Commerce, Science, and TransportationU.S. Department of Transportation, Federal Trade Commission, U.S. Department of Commerce, U.S. Department of Homeland Security's Under Secretary for Science and Technology, Federal Communications Commission[6]
Energy and Natural ResourcesU.S. Department of Energy, U.S. Department of the Interior, U.S. Environmental Protection Agency[6]
Environment and Public WorksOversight in any issue concerning the environment, public works, or federal buildings[6]
FinanceU.S. Department of Treasury, Social Security Administration, International Trade Commission[6]
Foreign RelationsU.S. Department of State, International Monetary Fund, U.S. Agency for International Development, Peace Corps[6]
Health, Education, Labor, and PensionsDepartment of Health and Human Services, U.S. Department of Education, U.S. Department of Labor, U.S. Food and Drug Administration[6]
Homeland Security and Governmental AffairsU.S. Department of Homeland Security, U.S. General Services Administration, National Archives and Records Administration, Circuit and Appeals Courts of District of Columbia, United States Postal Service, and Inspectors General of all departments[6]
JudiciarySupreme Court, Circuit Courts, District Courts, U.S. Department of Justice[6]
Rules and AdministrationRules of the Senate, general administration of congressional buildings, corrupt practices, Smithsonian Institution, Botanic Gardens[6]
Small Business and EntrepreneurshipSmall Business Administration[6]
Veterans' AffairsU.S. Department of Veterans Affairs, U.S. Department of Labor's Assistant Secretary for the Veterans Employment and Training[6]
Intelligence (Select)Central Intelligence Agency, U.S. Department of Treasury's Assistant Secretary for Intelligence Analysis, U.S. Department of Justice's Attorney General for National Security, Director of National Intelligence[6]

Senate hearings

The nomination must be on the Executive Calendar for more than one day before it can make it to the Senate floor for consideration.[1] Unanimous consent of the time and date for debate must be agreed upon by all senators.[4] If even one senator does not agree, a hold is placed on the nomination.[4] Once the nomination is considered by the Senate, unlimited debate is allowed until two-thirds of the Senate vote to invoke cloture, closing debate.[1] Following a vote of cloture, the Senate conducts a simple majority vote on whether to confirm, reject or take no action on the nomination.[1] If a nomination is left pending at the end of a Congress, it must be sent back to the president who can then re-submit the nomination to the new Congress.[1] The same procedure holds true with any nominee not considered before the Senate enters a recess of more than 30 days, unless there is unanimous consent to bypass the procedure.[4]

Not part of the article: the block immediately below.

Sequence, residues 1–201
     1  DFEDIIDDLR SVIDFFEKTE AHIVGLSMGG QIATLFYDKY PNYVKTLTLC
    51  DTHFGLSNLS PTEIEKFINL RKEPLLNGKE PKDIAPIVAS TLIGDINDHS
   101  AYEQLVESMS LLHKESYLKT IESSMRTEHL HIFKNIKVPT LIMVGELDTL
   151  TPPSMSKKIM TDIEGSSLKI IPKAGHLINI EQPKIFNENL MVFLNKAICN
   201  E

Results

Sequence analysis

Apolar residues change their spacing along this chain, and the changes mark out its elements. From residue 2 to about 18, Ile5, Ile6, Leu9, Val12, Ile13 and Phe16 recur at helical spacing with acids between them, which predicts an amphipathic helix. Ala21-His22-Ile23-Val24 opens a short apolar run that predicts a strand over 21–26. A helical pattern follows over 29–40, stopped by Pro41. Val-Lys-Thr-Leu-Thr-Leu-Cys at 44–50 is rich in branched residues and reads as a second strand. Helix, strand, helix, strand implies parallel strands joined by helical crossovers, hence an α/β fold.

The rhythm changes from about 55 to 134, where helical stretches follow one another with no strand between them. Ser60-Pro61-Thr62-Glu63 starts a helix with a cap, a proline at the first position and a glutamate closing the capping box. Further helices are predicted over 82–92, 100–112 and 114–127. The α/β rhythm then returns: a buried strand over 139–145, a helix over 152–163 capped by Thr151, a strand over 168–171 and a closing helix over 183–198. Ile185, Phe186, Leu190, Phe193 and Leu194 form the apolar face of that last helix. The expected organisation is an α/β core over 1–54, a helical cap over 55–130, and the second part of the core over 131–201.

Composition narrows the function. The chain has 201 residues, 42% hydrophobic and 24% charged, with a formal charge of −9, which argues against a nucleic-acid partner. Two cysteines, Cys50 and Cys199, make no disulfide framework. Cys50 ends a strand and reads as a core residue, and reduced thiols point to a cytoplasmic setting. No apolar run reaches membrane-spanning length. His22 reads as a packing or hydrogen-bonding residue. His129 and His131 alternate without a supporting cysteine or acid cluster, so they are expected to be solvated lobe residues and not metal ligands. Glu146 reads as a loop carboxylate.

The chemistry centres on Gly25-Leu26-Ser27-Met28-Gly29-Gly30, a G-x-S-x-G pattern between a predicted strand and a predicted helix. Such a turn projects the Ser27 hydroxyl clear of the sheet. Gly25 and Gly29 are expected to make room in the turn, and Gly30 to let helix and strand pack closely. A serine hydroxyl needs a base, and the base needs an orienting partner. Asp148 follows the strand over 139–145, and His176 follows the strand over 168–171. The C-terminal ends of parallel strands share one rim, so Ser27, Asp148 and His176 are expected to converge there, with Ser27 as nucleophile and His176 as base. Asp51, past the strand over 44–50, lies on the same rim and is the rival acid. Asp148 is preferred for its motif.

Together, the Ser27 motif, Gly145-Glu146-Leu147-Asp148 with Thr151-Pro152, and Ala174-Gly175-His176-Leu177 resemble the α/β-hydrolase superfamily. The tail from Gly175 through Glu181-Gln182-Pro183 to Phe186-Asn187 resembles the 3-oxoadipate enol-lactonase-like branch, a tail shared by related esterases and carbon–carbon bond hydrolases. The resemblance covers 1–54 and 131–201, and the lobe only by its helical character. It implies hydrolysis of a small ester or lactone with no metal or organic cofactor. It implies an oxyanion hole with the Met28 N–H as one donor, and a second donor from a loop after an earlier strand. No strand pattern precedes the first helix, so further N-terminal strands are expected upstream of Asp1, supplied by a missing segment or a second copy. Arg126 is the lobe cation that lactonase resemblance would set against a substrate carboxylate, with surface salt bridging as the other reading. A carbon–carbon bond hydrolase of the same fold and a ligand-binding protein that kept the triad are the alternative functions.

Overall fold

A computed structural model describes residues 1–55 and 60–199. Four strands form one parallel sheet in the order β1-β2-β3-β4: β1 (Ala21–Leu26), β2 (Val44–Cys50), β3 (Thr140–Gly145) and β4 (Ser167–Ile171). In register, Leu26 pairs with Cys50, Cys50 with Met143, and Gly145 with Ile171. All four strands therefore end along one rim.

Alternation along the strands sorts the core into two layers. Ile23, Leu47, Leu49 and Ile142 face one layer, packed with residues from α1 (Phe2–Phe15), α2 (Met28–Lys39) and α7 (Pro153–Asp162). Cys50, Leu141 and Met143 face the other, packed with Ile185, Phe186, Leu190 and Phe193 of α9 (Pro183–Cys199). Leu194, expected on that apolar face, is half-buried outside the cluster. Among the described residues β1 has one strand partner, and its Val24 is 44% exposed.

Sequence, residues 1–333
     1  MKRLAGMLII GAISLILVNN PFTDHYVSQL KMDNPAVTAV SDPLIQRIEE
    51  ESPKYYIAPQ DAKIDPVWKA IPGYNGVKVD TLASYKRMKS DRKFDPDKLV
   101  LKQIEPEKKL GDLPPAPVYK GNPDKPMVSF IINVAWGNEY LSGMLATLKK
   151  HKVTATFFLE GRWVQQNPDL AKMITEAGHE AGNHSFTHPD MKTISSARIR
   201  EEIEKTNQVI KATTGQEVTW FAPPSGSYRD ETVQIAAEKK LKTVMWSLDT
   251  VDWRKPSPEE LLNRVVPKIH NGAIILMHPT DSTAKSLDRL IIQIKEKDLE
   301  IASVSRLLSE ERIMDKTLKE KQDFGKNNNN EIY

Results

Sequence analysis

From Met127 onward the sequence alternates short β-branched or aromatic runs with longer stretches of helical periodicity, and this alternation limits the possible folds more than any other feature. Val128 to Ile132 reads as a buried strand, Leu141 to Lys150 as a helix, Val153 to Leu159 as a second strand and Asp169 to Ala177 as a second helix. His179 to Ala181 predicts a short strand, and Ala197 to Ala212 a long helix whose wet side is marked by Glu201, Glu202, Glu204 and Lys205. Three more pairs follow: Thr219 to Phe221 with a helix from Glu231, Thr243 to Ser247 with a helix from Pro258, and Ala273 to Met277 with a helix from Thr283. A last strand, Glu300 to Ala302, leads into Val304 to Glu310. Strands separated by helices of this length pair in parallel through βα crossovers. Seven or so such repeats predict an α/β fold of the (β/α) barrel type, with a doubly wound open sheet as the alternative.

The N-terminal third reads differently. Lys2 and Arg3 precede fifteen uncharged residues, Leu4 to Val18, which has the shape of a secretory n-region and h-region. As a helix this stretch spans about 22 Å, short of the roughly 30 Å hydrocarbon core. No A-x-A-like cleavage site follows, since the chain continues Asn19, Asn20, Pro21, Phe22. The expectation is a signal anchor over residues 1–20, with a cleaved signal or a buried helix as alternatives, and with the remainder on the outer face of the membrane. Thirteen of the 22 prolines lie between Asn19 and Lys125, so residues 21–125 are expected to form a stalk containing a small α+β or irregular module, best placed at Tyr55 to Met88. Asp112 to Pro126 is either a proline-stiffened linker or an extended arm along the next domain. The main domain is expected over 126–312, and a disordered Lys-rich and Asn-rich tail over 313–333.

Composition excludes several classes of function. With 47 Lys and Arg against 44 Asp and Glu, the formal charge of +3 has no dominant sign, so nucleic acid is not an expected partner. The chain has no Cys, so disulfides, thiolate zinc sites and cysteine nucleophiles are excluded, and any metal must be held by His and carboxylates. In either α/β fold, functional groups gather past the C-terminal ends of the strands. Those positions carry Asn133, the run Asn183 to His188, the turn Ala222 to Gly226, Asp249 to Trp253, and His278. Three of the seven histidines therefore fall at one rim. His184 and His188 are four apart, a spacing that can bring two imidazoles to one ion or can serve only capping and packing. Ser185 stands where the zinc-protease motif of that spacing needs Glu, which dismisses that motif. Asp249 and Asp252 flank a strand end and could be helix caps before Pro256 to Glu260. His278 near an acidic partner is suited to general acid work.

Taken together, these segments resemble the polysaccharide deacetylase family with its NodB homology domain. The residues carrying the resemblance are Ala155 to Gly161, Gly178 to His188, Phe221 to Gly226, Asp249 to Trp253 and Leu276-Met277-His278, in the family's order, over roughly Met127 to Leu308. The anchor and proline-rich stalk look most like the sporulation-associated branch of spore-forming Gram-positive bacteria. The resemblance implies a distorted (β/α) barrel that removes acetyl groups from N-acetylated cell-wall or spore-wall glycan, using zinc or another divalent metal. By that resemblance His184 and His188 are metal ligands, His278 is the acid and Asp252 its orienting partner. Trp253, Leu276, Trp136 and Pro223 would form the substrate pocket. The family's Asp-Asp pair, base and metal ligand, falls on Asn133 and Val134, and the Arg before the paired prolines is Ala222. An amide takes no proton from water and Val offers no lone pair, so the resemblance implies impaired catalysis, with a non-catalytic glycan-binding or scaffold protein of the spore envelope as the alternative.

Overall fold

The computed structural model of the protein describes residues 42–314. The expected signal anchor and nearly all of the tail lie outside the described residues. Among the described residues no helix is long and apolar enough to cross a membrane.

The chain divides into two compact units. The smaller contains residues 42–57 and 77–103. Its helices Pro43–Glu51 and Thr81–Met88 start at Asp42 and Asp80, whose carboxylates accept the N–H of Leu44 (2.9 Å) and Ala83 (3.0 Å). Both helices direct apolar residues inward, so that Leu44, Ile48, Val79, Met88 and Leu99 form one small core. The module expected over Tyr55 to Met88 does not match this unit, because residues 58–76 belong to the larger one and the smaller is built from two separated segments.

Presidential notification

Finally, the Senate's action on the nomination is sent to the president. All results are recorded in the Congressional Record.[1]


According to G. Calvin Mackenziea, a professor of government at Colby College who has made a career of studying the federal appointment process, the purpose behind the confirmation process for the last several decades has been "so that the government can follow the determination of the people...that they want the government to go in a specific direction."[7] The president uses the appointment process as his "primary lever" to accomplish this directional goal.[7] If the president is unable to nominate and have confirmed his appointees within a reasonable amount of time, "[i]t just makes it harder for [him or her] to direct the government."[7]